Moore, Dingell Question Sale of Location Data to Exploit Domestic Violence

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Washington, June 26, 2019 | comments

Moore, Dingell Question Sale of Location Data to Exploit Domestic Violence Victims

WASHINGTON, D.C. – Today, Congresswomen Debbie Dingell and Gwen Moore, strong advocates for survivors of domestic and sexual violence, pressed the Federal Communications Commission (FCC) to protect the sale of private, location information from being sold in real time.

In January, a Motherboard investigative report found wireless customers real-time location data was easily and cheaply attained by individuals beyond emergency services, roadside assistance, and other legitimate actors.

In a letter to FCC Chairman Ajit Pai, Dingell and Moore raised concerns of the ability for domestic violence perpetrators to use this information to track down victims, even when these victims have been intentionally relocated to undisclosed locations, such as domestic violence shelters.

“Abusers and stalkers often exploit technology to gain access to their victims’ location through GPS tracking and other cell phone apps, forcing victims to get new phones or wipe their current ones when they are trying to leave these dangerous situations. For this reason and countless others, we were extremely troubled to read about the ease with which wireless customers’ real-time location data can be acquired,” wrote the lawmakers. “We urge you to take this matter seriously and to protect real-time location data to the fullest extent allowed under law, because domestic violence victims, victims of sex trafficking, and individuals in sensitive locations are at risk.”

Dingell and Moore are strong advocates in Congress in standing up for victims of domestic and sexual violence. The two lawmakers lead the update and reauthorization of the Violence Against Women Act, which passed the House earlier this year and is awaiting a vote in the Senate.

A letter of Dingell and Moore’s letter to Pai is available here and below:

Dear Chairman Pai,

Nearly 12 million people experience domestic violence, sexual violence, or stalking each year. Abusers and stalkers often exploit technology to gain access to their victims’ location through GPS tracking and other cell phone apps, forcing victims to get new phones or wipe their current ones when they are trying to leave these dangerous situations. For this reason and countless others, we were extremely troubled to read about the ease with which wireless customers’ real-time location data can be acquired.  We write today to weigh in on behalf of domestic violence victims across the country and to ask you to protect this information to the fullest extent possible.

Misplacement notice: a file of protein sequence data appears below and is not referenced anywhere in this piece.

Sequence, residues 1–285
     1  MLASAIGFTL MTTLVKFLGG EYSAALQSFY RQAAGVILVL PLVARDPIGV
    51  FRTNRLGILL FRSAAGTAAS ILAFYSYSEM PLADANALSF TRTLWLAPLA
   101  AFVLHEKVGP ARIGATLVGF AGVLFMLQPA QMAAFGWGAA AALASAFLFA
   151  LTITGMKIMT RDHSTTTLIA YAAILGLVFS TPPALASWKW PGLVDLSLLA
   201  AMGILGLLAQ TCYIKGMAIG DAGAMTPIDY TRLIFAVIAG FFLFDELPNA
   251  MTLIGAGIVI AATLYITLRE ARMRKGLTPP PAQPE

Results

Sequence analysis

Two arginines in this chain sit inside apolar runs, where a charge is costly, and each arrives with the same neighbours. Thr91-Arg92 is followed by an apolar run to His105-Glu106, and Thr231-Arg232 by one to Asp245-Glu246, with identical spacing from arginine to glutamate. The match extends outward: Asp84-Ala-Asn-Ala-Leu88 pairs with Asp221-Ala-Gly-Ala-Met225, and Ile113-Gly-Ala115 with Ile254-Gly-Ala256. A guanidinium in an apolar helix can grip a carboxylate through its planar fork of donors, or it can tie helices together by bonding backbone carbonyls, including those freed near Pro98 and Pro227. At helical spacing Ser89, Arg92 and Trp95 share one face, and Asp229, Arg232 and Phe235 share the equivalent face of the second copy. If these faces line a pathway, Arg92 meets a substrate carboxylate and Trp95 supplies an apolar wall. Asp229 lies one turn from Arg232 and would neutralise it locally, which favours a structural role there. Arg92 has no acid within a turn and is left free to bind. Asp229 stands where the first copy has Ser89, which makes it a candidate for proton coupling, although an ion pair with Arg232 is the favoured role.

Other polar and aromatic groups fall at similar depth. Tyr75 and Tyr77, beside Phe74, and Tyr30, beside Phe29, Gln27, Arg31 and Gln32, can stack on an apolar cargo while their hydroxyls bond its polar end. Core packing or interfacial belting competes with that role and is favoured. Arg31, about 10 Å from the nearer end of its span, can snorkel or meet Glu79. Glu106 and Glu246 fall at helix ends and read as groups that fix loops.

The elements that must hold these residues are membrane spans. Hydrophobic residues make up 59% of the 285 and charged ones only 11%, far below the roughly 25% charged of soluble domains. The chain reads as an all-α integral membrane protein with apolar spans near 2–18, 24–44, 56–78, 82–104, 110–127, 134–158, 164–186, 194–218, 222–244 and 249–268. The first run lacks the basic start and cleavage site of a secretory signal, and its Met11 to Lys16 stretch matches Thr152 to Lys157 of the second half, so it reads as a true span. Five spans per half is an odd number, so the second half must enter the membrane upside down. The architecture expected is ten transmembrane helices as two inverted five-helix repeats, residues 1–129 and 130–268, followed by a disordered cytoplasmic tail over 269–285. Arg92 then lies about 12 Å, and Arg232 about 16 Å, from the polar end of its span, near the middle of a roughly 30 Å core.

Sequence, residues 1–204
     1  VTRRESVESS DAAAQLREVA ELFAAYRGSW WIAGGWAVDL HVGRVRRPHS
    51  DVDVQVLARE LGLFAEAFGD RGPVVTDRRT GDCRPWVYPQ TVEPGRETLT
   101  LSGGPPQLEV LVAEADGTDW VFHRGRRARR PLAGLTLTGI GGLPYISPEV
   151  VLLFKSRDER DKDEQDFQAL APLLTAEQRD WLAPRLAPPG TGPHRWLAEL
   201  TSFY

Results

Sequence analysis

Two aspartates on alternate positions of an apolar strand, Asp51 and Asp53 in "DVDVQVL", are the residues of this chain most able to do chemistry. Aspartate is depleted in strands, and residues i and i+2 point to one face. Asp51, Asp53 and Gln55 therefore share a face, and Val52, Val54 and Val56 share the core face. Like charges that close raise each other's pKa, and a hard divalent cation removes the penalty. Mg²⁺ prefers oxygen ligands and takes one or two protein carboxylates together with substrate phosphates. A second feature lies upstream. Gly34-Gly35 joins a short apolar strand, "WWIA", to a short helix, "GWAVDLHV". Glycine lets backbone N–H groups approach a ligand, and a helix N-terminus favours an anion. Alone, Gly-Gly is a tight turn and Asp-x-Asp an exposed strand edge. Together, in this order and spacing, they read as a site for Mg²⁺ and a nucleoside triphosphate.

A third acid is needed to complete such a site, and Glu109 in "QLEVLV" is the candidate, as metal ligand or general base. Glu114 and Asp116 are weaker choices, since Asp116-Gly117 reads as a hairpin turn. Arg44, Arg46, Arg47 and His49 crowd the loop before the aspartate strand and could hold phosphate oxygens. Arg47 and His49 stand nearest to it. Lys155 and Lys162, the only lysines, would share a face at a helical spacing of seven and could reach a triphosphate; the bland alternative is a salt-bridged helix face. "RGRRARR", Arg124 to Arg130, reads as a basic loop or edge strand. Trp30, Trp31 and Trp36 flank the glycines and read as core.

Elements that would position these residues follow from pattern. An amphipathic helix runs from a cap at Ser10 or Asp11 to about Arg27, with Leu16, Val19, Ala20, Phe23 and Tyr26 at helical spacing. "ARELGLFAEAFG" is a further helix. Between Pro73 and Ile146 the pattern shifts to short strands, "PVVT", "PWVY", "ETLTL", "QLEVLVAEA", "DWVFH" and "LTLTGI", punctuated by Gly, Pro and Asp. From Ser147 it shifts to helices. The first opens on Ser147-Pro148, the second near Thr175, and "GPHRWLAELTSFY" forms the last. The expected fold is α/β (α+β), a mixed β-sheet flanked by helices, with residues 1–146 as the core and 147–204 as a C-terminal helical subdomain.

Over a year ago, we learned that the major wireless carriers were using third-party aggregators to share their customers’ real-time location data for a number of legitimate reasons, including emergency services, roadside assistance, and fraud prevention.  The third-party aggregators were then reselling the data to other companies and people, apparently without customers’ consent and with little to no ongoing oversight by the wireless companies. For example, one aggregator, LocationSmart, sold data to a company called Securus, who then provided phone tracking services to local law enforcement without requiring a warrant. LocationSmart also sold their data through a “buggy website panel” that allowed anyone without prior authorization or authentication to search for real time location. At that time, the carriers pledged to stop sharing this data with third-parties, and the FCC said it would investigate.

But according to a Motherboard investigative report six months later, wireless customers’ real-time location data was still being widely shared and easily obtainable by anyone. Additional reports indicate individuals have been able to purchase another person’s geolocation for only a couple of hundred dollars, allowing this critical information to be easily found by anyone interested in obtaining it.

Though the major wireless companies have apparently stopped sharing this information, we are concerned about who may have access to the data that has already been shared, and want to ensure there is no confusion about its protection under the law.  In the wrong hands, domestic violence perpetrators could use this information to track down victims, even when these victims have been intentionally housed in locations otherwise undisclosed, such as domestic violence shelters, where victims believe themselves to be safe. 

We urge you to take this matter seriously and to protect real-time location data to the fullest extent allowed under law, because domestic violence victims, victims of sex trafficking, and individuals in sensitive locations are at risk.


 
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